Europe’s future competitiveness does indeed lie in the cultivation of innovation, skills, training and in the education of the younger generation. The entire system requires transformation, a process which, of course, must be driven by universities. Unfortunately, the latter are not competitive at the present time. We have been placed at the lower end of the Shanghai ranking, and I therefore think that effective implementation of the Youth in Action programme is essential. This programme runs in parallel with the Marie Skłodowska-Curie Actions Programme, which thanks to the Commissioner, inter alios, now bears its full Polish name. We must, of course, invest in innovation and in competitiveness linked to research and the labour market. This is why it is so important for the future structural policy, the future Horizon 2020 programme, to be able to truly modernise universities.

 
  
 

(End of catch-the-eye procedure)

 
  
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  Janusz Lewandowski, Member of the Commission. Mr President, in the name of the Commission I welcome the report by Mr Tőkés. We welcome Parliament’s voice on this issue (for the second time recently), so this is clearly very high on your agenda. It is a timely voice, as we are confronted with the following situation.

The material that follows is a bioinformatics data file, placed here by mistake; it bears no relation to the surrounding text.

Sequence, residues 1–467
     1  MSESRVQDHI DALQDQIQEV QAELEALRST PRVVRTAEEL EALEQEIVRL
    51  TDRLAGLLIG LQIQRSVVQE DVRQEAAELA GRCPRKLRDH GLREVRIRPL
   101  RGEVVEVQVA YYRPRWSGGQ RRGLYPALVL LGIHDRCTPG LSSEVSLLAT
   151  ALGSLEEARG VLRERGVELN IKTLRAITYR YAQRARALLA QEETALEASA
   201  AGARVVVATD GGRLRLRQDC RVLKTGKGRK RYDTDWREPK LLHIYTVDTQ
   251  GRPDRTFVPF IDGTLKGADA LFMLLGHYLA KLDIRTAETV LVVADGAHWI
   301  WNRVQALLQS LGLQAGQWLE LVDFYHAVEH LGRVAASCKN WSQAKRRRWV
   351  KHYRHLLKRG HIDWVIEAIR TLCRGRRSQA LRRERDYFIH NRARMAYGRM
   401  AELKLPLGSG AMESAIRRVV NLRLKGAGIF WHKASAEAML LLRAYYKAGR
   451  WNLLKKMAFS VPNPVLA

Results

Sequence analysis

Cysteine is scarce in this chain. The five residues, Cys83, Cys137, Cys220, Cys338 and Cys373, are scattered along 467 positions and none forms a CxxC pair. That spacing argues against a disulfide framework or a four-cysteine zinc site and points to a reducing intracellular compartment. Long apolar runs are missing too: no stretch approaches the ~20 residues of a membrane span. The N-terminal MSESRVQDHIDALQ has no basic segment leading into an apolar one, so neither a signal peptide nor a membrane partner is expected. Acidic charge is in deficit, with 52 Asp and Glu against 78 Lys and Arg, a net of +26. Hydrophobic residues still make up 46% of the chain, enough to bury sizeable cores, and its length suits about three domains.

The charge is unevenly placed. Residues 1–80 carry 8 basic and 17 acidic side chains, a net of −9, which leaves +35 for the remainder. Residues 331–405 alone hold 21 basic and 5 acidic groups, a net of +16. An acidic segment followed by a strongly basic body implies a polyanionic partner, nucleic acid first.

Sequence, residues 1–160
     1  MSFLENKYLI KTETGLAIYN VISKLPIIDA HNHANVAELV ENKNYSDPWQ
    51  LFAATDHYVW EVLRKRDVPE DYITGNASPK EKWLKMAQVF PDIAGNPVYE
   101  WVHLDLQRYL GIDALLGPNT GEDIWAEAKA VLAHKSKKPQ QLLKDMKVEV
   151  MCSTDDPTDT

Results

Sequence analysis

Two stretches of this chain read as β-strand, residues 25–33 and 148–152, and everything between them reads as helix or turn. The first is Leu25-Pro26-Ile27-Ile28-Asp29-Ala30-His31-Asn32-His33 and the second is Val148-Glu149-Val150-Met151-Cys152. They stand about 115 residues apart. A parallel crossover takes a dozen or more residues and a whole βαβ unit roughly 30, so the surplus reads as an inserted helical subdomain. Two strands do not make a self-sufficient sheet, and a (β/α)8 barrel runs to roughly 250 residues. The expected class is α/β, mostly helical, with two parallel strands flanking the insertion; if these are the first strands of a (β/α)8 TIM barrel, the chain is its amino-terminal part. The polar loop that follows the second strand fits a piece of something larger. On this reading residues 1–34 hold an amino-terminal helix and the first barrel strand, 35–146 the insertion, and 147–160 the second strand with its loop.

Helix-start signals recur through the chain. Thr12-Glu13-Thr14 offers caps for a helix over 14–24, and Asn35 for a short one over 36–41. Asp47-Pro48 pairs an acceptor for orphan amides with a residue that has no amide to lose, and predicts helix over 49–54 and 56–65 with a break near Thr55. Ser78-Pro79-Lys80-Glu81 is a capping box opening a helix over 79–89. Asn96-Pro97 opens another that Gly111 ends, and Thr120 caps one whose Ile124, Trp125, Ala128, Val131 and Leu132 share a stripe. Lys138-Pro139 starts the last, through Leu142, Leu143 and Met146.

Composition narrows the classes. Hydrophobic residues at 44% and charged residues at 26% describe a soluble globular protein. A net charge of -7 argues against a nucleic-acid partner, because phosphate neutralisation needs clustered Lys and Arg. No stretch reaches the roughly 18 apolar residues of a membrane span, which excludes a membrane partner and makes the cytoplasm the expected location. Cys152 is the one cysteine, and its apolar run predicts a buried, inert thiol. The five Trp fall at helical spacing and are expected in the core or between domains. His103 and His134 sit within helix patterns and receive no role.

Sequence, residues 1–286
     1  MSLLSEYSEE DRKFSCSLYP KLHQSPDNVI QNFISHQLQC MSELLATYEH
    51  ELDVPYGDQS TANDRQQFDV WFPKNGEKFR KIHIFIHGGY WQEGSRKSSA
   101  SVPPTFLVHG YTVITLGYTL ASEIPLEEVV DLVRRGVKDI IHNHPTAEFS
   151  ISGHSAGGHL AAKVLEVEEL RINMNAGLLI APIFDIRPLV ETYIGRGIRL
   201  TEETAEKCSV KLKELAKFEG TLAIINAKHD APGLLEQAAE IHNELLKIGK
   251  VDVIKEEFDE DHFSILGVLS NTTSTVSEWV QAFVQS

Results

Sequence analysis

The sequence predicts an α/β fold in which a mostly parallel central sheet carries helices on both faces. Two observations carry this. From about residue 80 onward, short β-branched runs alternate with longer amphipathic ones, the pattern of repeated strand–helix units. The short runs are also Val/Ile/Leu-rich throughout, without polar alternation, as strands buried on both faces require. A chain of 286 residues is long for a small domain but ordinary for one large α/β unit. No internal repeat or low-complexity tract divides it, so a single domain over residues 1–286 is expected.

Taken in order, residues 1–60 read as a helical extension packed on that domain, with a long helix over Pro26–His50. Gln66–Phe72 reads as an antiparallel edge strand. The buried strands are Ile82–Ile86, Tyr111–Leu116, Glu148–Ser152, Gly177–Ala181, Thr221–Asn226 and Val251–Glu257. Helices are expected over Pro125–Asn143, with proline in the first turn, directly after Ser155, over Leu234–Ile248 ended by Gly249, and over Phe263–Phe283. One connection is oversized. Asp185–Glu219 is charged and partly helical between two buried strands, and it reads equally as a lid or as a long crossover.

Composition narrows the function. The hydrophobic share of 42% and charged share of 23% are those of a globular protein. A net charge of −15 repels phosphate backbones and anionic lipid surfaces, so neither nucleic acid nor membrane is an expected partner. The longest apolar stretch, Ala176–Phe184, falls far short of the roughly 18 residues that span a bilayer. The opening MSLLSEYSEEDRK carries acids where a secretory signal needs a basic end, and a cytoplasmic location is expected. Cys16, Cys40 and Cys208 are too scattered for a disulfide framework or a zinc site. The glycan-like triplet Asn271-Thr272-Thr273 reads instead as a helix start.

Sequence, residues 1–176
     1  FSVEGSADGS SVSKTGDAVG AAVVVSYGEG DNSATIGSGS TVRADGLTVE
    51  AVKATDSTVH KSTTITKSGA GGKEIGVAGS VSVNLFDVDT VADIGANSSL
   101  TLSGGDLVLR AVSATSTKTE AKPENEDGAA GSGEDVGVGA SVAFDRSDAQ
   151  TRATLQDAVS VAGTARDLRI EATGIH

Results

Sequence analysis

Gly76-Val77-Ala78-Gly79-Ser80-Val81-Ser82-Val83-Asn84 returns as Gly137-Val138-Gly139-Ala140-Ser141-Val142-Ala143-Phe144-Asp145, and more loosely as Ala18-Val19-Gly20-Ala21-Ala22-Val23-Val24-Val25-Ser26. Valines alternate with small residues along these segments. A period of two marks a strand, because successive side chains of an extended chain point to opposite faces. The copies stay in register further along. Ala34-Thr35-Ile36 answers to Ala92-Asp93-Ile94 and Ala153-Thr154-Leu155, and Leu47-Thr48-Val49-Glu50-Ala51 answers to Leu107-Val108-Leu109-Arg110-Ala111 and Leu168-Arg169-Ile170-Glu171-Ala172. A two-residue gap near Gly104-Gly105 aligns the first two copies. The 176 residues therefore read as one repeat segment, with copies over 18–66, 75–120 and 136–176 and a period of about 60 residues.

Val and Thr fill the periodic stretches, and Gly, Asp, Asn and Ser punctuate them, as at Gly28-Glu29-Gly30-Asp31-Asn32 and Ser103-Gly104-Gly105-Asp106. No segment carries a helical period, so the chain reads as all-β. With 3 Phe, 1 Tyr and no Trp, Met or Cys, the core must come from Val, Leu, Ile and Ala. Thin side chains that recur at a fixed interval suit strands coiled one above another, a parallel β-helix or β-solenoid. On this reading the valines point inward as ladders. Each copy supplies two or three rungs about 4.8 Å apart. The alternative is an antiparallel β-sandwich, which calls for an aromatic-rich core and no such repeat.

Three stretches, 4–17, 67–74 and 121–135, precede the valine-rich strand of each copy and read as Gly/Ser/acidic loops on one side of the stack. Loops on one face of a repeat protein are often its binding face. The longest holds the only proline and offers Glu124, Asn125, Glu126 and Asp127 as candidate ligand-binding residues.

On the one hand, nobody is denying that the knowledge-based economy is the future of Europe. On the other hand, education at a stressful time of austerity is one of the areas which is heavily cut in national budgets. In response to the comments of Mr Papanikolaou, I have to say that we are repeatedly underlining that, even in a time of austerity, training and education should be defended in the national budgets. Otherwise we are running the risk of undermining the future prospects of Europe.

We are also fully aware of the paradox of today’s Europe, which is that we are relatively well equipped with highly-qualified labour in our continent. On the other hand, we are confronted with a problem of structural unemployment, especially when it comes to what is already called a lost generation.

The interplay between education and the labour market is thus a complex one, and we need reforms – and not only so we can move towards so-called global competitiveness. This must be done, as in the future the demand here will be for higher rather than lower qualifications. On the other hand we have to involve business communities and other partners in order to ensure that the graduates leaving our schools are equipped with useful employment skills (including vocational skills) and that this is not just producing unemployed people in Europe.